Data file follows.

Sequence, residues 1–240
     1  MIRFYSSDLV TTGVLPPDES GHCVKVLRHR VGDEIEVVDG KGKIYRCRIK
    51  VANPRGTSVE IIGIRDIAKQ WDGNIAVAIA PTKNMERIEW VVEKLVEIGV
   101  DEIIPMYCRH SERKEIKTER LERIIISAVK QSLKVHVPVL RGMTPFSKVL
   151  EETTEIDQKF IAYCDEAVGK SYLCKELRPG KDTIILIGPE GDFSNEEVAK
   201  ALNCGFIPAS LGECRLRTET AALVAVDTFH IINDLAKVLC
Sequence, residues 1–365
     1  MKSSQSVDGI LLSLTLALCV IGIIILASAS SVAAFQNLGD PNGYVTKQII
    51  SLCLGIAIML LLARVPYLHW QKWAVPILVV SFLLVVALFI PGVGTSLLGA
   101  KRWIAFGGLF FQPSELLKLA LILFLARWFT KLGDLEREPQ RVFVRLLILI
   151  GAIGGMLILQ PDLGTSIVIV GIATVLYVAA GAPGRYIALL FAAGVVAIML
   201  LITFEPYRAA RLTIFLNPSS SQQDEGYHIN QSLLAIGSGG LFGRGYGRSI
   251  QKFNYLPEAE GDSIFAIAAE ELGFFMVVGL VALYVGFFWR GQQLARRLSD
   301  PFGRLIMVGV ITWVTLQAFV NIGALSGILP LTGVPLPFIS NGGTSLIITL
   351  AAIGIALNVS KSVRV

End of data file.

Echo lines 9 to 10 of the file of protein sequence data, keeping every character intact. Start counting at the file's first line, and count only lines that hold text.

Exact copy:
    51  SLCLGIAIML LLARVPYLHW QKWAVPILVV SFLLVVALFI PGVGTSLLGA
   101  KRWIAFGGLF FQPSELLKLA LILFLARWFT KLGDLEREPQ RVFVRLLILI